submitted by George Vardas on 11.05.2004
The lion of St Mark still stands guard over the entrance to the Venetian castle in Kato Hora in Mylopotamos. The fortress unfortunately is dominated by crumbling ruins although a number of churches have been preserved.
submitted by George Vardas on 10.05.2004
The small Venetian castle at Avlemonas is also known as the Kastelli. A weathered sculpture of the lion of St Mark is still visible on one of the walls of the fort.
The walls of the Kastro are very impressive as you approach.
submitted by George Vardas on 12.05.2004
The Kastro in Hora is one of the most striking reminders of the Venetian occupation of the island. Although the plaque on the wall as you walk up the rampart reads "1503" construction actually commenced in 1306 in place of a smaller Byzantium fort. In the 16th century the walls and fortifications were extended. According to the noted historian, Chryssa Maltezou, the authorities on Kythera were able to communicate with the Venetian regiments in Crete by means of signal fies on the castle to warn of possible incursions by pirates. In this way Kythera became the "Eye of Crete". The settlement pattern around the Kastro fits into the traditional kastro-chora, fortezza-borgo pattern so that locals could take refuge in the castle when the island came under attack. At it highest point the Kastro is built to an altitude of 250 metres.
This is probably one of the most photographed vistas on the island depicting the 700 year old Kastro in Hora with Kapsali Bay visible in the distance. The congregation of churches and other buildings around the base of the Kastro and within proximity of the Kastro was a product of a time when residents, fearful of pirate raids, could find safety within the walls of the Kastro.
Just before you enter Hora there is a road on the right leading to Cape Trachyla where the Germans had an outpost during World War II. This track also provides a different perspective on the castle at Hora.
submitted by George Vardas on 05.05.2004
The road leading to Agios Georgios. In the early 1990s the leading Greek archaeologist, Yannis Sakellarakis, confirmed that this was the site of a Minoan peak sanctuary and was evidence of the existence of an advanced Minoan colony on Kythera during the Bronze Age.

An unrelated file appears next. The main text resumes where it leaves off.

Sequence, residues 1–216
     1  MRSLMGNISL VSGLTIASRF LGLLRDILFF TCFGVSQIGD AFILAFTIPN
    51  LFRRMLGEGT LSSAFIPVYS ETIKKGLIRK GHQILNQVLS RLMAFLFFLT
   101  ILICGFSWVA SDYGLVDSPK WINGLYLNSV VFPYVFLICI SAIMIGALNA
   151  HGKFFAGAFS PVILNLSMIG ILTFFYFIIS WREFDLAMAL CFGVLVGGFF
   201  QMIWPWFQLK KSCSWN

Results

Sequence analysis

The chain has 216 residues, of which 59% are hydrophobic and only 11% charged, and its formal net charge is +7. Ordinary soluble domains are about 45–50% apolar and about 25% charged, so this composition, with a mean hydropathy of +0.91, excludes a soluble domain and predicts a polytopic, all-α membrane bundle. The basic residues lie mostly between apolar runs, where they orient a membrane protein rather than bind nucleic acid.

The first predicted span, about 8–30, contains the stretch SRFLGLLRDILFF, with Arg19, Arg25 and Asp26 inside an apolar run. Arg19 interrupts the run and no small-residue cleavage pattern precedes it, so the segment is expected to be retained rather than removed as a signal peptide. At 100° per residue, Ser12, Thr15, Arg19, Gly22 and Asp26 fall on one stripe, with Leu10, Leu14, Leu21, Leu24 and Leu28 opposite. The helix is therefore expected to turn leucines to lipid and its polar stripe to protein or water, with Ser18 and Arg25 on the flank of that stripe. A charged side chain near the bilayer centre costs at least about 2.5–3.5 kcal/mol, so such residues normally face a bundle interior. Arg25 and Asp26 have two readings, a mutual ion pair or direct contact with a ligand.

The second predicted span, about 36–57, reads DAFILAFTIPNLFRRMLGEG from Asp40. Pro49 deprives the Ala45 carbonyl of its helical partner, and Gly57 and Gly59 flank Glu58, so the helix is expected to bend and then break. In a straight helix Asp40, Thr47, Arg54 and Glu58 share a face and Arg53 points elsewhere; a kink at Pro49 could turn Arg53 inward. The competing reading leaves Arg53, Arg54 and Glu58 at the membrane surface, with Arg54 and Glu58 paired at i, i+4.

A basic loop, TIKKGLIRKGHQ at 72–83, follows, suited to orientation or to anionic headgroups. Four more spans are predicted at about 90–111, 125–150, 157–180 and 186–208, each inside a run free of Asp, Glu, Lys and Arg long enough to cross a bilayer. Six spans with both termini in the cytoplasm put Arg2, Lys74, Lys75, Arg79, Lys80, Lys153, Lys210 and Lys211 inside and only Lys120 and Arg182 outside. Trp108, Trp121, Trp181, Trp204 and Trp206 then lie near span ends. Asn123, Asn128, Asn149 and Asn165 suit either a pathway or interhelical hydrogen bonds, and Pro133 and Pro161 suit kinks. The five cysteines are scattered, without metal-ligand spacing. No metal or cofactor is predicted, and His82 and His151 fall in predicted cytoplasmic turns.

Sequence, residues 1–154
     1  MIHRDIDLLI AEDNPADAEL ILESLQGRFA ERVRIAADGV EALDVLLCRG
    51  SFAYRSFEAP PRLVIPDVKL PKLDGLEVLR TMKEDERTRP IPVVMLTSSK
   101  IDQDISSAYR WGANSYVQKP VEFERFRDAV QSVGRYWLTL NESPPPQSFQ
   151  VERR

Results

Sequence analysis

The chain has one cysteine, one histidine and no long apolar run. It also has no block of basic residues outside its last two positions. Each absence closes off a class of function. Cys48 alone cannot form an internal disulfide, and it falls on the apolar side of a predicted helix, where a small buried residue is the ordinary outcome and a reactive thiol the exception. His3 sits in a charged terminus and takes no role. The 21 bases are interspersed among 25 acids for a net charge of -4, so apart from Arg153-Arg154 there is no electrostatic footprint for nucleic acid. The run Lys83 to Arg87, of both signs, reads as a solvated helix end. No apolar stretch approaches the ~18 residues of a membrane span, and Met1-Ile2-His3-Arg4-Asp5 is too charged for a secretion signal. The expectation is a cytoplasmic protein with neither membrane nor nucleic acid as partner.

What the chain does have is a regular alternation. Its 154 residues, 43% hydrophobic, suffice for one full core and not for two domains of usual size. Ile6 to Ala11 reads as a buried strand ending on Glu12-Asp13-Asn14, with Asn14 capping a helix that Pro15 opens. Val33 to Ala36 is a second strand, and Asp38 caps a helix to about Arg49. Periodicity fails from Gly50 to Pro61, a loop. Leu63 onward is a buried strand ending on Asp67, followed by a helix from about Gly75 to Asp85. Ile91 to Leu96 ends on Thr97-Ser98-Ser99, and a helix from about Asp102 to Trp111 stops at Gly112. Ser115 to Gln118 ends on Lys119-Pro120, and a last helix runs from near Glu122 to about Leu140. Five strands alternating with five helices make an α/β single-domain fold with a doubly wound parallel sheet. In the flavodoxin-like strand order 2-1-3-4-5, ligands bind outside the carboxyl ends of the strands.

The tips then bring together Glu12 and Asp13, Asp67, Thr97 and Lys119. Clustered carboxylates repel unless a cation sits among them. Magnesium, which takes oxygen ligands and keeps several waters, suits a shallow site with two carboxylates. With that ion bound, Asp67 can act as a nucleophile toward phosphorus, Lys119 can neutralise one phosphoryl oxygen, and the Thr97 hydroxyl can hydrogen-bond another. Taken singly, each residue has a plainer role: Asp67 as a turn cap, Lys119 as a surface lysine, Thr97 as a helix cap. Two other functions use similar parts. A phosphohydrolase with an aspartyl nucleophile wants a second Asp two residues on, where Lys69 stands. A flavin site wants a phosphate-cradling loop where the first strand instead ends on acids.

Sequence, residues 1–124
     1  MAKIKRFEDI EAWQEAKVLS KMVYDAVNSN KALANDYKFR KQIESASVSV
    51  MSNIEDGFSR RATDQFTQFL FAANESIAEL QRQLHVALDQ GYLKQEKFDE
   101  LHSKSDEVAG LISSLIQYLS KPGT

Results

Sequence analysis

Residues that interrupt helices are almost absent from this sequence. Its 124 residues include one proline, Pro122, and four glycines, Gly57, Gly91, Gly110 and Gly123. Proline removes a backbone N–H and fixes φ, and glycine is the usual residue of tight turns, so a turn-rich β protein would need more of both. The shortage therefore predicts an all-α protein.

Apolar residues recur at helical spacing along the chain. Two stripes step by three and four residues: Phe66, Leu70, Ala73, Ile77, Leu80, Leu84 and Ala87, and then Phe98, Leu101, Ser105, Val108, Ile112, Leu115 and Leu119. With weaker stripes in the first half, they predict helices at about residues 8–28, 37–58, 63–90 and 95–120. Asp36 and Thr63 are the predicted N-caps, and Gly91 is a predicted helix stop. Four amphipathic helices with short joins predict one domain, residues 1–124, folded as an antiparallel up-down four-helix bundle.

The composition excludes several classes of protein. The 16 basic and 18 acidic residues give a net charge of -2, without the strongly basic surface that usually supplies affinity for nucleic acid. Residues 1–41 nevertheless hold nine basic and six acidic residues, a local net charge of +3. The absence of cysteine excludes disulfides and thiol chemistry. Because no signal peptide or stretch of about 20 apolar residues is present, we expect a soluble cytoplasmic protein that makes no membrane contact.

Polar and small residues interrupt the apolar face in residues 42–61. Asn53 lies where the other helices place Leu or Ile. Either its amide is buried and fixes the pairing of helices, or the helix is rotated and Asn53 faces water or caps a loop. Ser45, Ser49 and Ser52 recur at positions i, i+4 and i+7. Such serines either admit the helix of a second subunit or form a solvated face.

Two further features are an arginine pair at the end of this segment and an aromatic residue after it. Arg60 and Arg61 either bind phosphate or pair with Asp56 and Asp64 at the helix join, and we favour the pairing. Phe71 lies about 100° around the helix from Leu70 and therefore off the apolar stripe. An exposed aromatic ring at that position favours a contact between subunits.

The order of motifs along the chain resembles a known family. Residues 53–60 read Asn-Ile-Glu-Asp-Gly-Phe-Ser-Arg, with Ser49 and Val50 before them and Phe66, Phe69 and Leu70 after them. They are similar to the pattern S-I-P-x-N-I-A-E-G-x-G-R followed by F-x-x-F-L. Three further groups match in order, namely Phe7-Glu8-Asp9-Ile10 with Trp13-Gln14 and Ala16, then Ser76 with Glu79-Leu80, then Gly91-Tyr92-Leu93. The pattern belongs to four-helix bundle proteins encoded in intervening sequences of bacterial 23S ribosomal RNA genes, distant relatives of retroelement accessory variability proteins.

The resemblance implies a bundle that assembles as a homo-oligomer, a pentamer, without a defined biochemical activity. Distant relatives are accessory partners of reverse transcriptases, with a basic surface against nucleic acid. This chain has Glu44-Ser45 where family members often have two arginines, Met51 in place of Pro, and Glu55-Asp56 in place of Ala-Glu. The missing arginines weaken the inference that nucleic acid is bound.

submitted by George Vardas on 03.05.2004
The church of Agios Georgios is on the highest part of the island and enjoys breathtaking views.
A view out to sea from the fishing village of Avlemonas. In 1802 the English brig, the Mentor, carrying part of Lord Elgin's looted sculptures from the Parthenon, sank just outside Agios Nikolaos harbour within sight of the township of Avlemonas and the castle (which is visible in the top right hand corner of the photograph). The sculptures were eventually retrieved by divers from the islands of Kalymnos and Kos and taken to London. In 1816 the Parthenon Marbles were sold by Elgin to the British Government and transferred to the British Museum where they remain to the present day.
submitted by George Vardas on 06.05.2004
Hora is one magnificent photo opportunity with its picturesque laneways, arches and Venetian architecture infused with a traditional Greek island landscape. The covered passageway depicted here is a Venetian concept. Similar passage-arcades under houses can be found in Crete and on Kerkyra where the Venetian influences were just as strong.
The former capital of Kythera, Agios Dimitrios, was sacked by the Ottoman pirate Barbarossa in 1537. It is now known as Paliohora. Several churches, including Agios Antonios which is pictured, remain somewhat intact whilst the surrounding walls and structures have deteriorated with time. This photo was inspired by a photograph taken by the famous Greek photographer, Nikos Desyllas, in his book "The Ionian Islands".
Above Diakofti is located a series of old huts thought to have been used by Arab pirates as bases for raids on passing ships. Note the sunken freighter in the background.
submitted by George Vardas on 17.05.2004
The Venetian castle at Hora dominates the town's landscape.
A view of the old terminal which served Kythera well until the completion of the modern airport complex
submitted by George Vardas on 05.10.2005
Karavas is reknown for its springs and leafy surrounds.
submitted by George Vardas on 04.05.2004
Built in 1817, the Lazaretto was originally a hospital. It is today a private residence behind the smaller of the two bays in Kapsali.
submitted by George Vardas on 02.05.2004
This distinctive, almost art deco building is in the central square of Fratsia
The small whitewashed chapel of Agios Nikolaos in Firi Ammos near Agia Pelagia provides a striking contrast to the rocky outcrop and blue seas.
The central arch of the seven arch bridge built by the British in 1825 at Potamos. Note the distinctive decorative motif over the arch which is unique to this bridge.
Karavas is a very luscious, verdant township.
Teacher, journalist, poet and author, Sydney NSW Australia
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